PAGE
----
Looking at the profile of the Avalanche it is easy to see the Gnarwhal influence in the design. It has a similar V-Shaped catch zone, complete with the little step near the gap to reduce string friction. Unlike the Gnarwhal and Sasquatch, the Avalanche has a little groove where the rims meet the catch zone giving the rims a more pronounced look. Looking at the cup of the yo-yo, the Avalanche is completely indistinguishable from the Sasquatch and Gnarwhal design. The floor is flat with a raised ring at the edge, the hub is a flat raised cylinder, and the rims are completely devoid of an IGR. The finish on the Avalanche is totally unique in looks. This particular yo-yo is blue and clear acid wash with a modest pink speckle. There is currently an alternate version on the market that swaps the pink and blue. The acid wash is applied extremely well, giving a nice blend of the colors while also giving a clear separation in spots between the clear and the blue, very much a best of both world approach. The blast is the typical finish you would find on a CLYW, meaning it is great. It feels velvety smooth while holding it in your hand. As for how the Avalanche feels in your hand, this yo-yo fills a big hand quite nicely. My large middle finger rests comfortably and completely in the gap of the yo-yo while the adjacent fingers sit on the edges of the rims. All or the edges have been rounded off so that there is no pain from any possible points of contact that could cause discomfort during play. Over all I am impressed with the design of the Avalanche. About the only thing I would have liked to see is some slight variation in the cup, a spike, an IRG, something that would give it a little more visual distinction from the similarly designed Sasquatch. This is just a minor quibble from me and at the end of the day I would have a very hard time finding fault in this very well designed yo-yo.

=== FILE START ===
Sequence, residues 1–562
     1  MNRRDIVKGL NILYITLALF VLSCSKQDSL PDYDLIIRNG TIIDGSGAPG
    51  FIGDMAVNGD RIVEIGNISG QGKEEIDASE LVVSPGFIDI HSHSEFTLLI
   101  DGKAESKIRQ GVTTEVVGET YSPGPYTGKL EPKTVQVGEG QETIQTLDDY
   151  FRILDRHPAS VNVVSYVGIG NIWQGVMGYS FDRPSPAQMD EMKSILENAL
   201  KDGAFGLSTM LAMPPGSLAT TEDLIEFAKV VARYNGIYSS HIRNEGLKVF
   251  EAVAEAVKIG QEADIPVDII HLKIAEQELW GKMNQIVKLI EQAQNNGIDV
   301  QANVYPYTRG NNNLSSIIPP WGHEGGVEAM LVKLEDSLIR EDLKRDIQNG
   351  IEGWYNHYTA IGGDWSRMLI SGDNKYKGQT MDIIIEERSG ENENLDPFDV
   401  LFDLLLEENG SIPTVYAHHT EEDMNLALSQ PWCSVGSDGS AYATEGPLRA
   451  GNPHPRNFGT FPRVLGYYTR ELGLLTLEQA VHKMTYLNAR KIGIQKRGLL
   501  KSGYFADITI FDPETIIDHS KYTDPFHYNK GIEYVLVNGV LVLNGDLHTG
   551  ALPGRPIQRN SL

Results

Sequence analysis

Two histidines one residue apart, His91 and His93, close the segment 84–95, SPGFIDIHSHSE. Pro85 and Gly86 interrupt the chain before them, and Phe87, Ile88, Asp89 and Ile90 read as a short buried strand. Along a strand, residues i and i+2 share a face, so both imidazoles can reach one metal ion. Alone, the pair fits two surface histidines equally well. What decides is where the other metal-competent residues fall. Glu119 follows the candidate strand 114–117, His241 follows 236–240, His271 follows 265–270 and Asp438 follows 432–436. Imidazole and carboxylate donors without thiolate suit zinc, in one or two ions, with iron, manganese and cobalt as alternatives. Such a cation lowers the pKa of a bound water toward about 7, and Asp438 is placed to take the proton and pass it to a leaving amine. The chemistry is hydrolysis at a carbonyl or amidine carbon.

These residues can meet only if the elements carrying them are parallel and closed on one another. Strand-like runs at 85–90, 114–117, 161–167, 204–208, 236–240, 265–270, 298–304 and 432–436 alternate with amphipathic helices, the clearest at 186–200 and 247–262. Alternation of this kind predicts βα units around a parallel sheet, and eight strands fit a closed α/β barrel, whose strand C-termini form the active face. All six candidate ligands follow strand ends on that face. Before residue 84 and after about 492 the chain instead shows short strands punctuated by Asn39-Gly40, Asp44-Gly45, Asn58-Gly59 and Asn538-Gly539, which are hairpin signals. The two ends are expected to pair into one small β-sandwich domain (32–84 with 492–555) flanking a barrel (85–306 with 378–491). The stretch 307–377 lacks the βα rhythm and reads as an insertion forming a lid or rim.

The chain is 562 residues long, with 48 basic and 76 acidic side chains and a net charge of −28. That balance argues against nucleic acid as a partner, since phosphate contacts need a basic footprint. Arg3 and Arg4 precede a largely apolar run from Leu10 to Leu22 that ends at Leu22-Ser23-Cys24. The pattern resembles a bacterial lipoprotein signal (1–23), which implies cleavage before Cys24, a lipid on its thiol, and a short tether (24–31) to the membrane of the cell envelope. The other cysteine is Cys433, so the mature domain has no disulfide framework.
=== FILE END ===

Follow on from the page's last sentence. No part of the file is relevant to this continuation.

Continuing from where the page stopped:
This is where the Sasquatch and the Avalanche differ. The Avalanche is a full gram lighter than the Sasquatch. I have played a Sasquatch for a grand total of 5 minutes when I grabbed Brett’s from his case the last time I was in Cleveland, so I really cannot compare the two. What I can say about the Avalanche is that it is speedy on the string and the weight distribution gives a great amount of stability and some float as well.